The Twelve Days of Christmas
At Wenceslas Square, in the heart of Prague, there is a statue of the Duke of Bohemia, affectionately known as good King Wenceslas. A caring Christian ruler and patron saint of the Czech Republic, Wenceslas has come to represent kindhearted generosity and selfless giving. And because these attributes are at the heart of Christmas, it’s not surprising that good King Wenceslas is also the subject of a beloved Christmas carol.The carol is based on a story set during a feast day shortly after Christmas. But King Wenceslas is not feasting; instead, he looks out the window onto the wintry landscape and discovers a poor man, gathering whatever meager firewood he can find in the deep snow. Filled with compassion, Wenceslas calls his page and tells him to bring food and wood for the destitute man. Then, instead of sending his page on the errand alone, Wenceslas leaves his comfortable home and goes with the page into the cold night to deliver the gifts personally.At one point, the snow becomes so deep and the wind so fierce that the page wonders if he can carry on. But Wenceslas invites him to walk in his footsteps, and as he does, the page finds strength to endure. Together they brave the storm and fill the poor man’s humble home with generous gifts.Aren’t we all somewhat like Wenceslas’s page? We joyfully accept the invitation to generous giving that comes with the Christmas season. But sometimes meaningful giving, the kind that really makes a difference, requires sacrifice, and that can be difficult. When this happens, we can find strength as we walk in the steps of the Master Giver.After all, as he once said, “Whosoever will be chief among you, let him be your servant” (Matthew 20:27).This is why we honor good King Wenceslas more than a thousand years later: because he reminds us of the kindness and generosity of another king — one who also chose to be a servant, who lived among the poor and the weary so that he could give them relief. This is the king whose birth and life of service we celebrate at Christmas.
The Wenceslas told by actress Jane Seymore at the 2011 Tabernacle Choir Christmas concert.
“Now during those days, when the disciples were increasing in number, the Hellenists complained against the Hebrews because their widows were being neglected in the daily distribution of food. And the twelve called together the whole community of the disciples and said, ‘It is not right that we should neglect the word of God in order to wait on tables. Therefore, friends, select from among yourselves seven men of good standing, full of the Spirit and of wisdom, whom we may appoint to this task, while we, for our part, will devote ourselves to prayer and to serving the word.’ What they said pleased the whole community, and they chose Stephen, a man full of faith and the Holy Spirit, together with Philip, Prochorus, Nicanor, Timon, Parmenas, and Nicolaus, a proselyte of Antioch. They had these men stand before the apostles, who prayed and laid their hands on them. The word of God continued to spread; the number of the disciples increased greatly in Jerusalem, and a great many of the priests became obedient to the faith. Stephen, full of grace and power, did great wonders and signs among the people. (Acts 6:1–8 NRSV)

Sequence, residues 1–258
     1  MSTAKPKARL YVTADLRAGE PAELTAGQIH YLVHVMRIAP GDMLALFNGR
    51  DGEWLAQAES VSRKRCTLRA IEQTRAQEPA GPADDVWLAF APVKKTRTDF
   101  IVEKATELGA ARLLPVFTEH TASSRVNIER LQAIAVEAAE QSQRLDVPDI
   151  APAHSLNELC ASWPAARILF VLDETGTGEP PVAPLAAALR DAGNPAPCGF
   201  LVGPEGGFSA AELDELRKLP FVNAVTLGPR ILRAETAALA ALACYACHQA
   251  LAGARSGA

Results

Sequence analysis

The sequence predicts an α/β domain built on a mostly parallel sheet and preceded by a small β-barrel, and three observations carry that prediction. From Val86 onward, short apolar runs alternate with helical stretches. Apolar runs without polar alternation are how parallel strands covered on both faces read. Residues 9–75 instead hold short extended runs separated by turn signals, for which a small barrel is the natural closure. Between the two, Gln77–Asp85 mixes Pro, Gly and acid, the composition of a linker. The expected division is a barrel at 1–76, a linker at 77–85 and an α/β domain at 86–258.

"Then shall the King say unto them on his right hand, 'Come, ye blessed of my Father, inherit the kingdom prepared for you from the foundation of the world: For I was an hungred, and ye gave me meat: I was thirsty, and ye gave me drink: I was a stranger, and ye took me in: Naked, and ye clothed me: I was sick, and ye visited me: I was in prison, and ye came unto me.' Then shall the righteous answer him, saying, 'Lord, when saw we thee an hungred, and fed thee? or thirsty, and gave thee drink? When saw we thee a stranger, and took thee in? or naked, and clothed thee? Or when saw we thee sick, or in prison, and came unto thee?' And the King shall answer and say unto them, 'Verily I say unto you, Inasmuch as ye have done it unto one of the least of these my brethren, ye have done it unto me'" (Matthew 25:34–40)
In the beginning was the Word,
and the Word was with God,and the Word was God.
The same was in the beginning with God.All things were made by him;
and without him was not any thing madethat was made.
And the Word was made flesh,
and dwelt among us, (John 1:1–3, 14a)
Behold, I am Jesus Christ the Son of God.I created the heavens and the earth,
and all things that in them are.
I was with the Father from the beginning.I am in the Father,
and the Father in me;
and in me hath the Father glorified his name.
I am the light and the life of the world.I am Alpha and Omega,
the beginning and the end. (3 Nephi 9:15, 18)
|Eva Koleva Timothy, "In the Beginning Was the Word"|
Of the Father’s love begottenere the worlds began to be,he is Alpha and Omega —he the source, the ending he,of the things that are, that have been,and that future years shall seeevermore and evermore.O that birth forever blessed,when a virgin, blest with grace,by the Holy Ghost conceiving,bore the Savior of our race;and the babe, the world’s Redeemer,first revealed his sacred face,evermore and evermore.This is he whom seers in old timechanted of with one accord,whom the voices of the prophetspromised in their faithful word;now he shines, the long-expected;let creation praise its Lordevermore and evermore.Let the heights of heaven adore him;angel hosts, his praises sing:powers, dominions, bow before himand extol our God and King;let no tongue on earth be silent,every voice in concert ringevermore and evermore.Christ, to you, with God the Fatherand the Spirit, there shall behymn and chant and high thanksgivingand the shout of jubilee:honor, glory, and dominionand eternal victoryevermore and evermore.